I’ll state from the start that my review of Grand Oak is a bit biased as it is now my home course. While I have more than a dozen public courses closer to me than Grand Oak, I chose Grand Oak for the following reasons: First, it has all the facilities a golfer needs, while remaining modest. The clubhouse has enough room to have a small dining area and quiet pro shop; but the deck outside is wonderful to watch golfers come in from 9 and 18. There is a putting green, short game practice area, and a range. Secondly, the staff is wonderful. The head pro, Mark Martin, is very personable and always make you feel welcome. The rest of the pros, greenskeepers, and rangers are also friendly and make you feel at home. And finally, the course is interesting.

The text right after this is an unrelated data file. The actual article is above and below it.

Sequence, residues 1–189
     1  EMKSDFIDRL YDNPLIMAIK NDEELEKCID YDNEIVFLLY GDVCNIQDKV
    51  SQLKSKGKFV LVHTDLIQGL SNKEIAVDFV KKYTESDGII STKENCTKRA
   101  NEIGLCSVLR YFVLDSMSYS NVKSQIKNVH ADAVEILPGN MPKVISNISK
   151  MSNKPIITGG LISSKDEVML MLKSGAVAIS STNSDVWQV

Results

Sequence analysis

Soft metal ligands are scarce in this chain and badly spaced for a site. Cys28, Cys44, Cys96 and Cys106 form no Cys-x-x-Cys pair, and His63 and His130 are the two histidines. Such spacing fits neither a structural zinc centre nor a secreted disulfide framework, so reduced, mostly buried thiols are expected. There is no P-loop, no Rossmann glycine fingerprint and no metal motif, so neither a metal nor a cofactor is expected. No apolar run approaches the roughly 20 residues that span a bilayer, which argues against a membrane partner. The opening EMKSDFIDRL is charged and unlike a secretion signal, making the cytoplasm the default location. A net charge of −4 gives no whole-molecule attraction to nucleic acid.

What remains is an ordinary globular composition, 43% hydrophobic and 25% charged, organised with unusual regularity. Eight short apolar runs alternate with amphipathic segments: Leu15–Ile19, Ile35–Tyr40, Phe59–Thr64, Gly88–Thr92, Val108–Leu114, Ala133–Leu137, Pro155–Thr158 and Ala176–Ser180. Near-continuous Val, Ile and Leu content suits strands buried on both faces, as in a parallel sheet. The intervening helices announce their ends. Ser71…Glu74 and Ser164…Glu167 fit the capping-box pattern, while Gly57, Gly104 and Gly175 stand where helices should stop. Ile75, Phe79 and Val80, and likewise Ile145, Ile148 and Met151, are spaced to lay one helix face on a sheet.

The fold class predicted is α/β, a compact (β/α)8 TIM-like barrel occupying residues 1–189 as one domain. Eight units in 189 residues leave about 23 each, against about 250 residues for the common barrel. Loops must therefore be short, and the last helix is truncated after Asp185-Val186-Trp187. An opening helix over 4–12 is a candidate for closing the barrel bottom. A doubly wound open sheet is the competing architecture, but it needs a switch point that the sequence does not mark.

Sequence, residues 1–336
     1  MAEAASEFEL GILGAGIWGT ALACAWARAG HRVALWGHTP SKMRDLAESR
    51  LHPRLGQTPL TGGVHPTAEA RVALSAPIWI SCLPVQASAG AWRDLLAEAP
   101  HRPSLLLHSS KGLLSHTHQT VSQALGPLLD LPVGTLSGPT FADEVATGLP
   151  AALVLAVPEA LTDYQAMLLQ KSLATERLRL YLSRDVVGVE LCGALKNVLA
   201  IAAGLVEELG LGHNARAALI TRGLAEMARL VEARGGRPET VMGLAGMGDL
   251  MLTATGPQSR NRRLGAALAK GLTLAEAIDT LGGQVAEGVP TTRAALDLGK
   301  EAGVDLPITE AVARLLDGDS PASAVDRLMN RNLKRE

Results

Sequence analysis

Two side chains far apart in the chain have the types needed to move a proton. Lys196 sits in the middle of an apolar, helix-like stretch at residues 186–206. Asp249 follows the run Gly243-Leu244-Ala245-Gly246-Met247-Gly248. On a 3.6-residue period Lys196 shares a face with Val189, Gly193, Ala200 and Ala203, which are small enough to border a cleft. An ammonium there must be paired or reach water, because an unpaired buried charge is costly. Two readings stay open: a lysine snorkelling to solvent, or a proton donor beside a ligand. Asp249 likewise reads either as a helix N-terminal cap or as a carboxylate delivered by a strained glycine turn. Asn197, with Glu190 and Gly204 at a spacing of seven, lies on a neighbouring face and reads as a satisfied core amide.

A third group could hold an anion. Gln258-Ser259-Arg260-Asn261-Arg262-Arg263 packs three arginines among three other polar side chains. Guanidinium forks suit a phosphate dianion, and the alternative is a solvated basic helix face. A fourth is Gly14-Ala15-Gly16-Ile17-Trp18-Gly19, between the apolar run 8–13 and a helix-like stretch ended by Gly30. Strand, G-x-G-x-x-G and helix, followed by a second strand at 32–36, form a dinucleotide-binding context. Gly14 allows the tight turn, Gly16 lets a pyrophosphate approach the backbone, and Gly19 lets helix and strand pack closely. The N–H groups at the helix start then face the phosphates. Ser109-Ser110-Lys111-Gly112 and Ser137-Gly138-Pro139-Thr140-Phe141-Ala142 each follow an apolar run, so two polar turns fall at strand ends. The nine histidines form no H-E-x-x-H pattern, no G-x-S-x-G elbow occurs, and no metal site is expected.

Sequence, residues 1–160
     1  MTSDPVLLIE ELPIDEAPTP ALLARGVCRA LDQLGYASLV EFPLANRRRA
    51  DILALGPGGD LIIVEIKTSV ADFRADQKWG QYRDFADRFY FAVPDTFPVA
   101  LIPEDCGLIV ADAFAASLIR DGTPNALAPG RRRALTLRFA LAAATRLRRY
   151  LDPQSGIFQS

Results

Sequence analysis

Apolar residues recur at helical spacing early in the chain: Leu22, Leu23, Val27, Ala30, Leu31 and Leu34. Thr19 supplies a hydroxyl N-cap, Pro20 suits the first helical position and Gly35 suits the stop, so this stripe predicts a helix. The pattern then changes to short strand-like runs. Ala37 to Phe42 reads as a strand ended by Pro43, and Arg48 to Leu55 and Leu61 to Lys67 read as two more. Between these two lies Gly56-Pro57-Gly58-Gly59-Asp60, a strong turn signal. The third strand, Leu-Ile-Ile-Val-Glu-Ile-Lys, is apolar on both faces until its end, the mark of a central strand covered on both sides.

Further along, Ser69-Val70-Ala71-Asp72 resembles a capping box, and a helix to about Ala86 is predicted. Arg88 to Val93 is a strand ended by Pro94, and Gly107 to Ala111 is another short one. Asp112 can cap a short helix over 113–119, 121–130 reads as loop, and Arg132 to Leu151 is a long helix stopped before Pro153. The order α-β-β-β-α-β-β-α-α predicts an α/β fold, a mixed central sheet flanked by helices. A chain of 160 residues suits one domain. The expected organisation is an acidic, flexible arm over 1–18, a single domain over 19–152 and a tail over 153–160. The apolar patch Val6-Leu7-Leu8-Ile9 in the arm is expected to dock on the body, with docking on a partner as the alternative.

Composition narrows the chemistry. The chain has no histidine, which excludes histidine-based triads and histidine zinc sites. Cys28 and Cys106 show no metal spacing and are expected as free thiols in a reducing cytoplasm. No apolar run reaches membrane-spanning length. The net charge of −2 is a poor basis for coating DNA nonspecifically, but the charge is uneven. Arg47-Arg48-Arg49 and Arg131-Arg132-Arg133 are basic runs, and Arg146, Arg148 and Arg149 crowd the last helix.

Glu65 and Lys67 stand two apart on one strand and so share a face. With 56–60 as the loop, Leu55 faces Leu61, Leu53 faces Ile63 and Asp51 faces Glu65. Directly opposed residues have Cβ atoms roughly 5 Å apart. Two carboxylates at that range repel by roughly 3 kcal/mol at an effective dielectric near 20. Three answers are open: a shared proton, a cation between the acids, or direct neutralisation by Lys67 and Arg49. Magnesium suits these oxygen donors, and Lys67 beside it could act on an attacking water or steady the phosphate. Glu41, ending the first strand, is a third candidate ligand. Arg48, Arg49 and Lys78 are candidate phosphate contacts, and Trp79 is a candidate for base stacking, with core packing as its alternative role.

Built in 1989 by Dr. Michael Hurdzan, Grand Oak has a decent variety of holes. The first couple of holes start out fairly mundane. 1 is an uphill par 4 where the player must stay in between the trees on the tee shot. The fairway tightens the more you go up the driving area. 2 represents a good mix of par 5s. Two of which, including #2, are certainly reachable in 2. To get home in 2, the a tee shot to the right side of the fairway is ideal, though both will work. The fairway is plenty wide for the layup, but what’s the fun in that. Those that choose to get home in two will need to make sure they don’t do too long. Anything right and long is death down the hill. Short left isn’t bad, but not the easiest up and down either.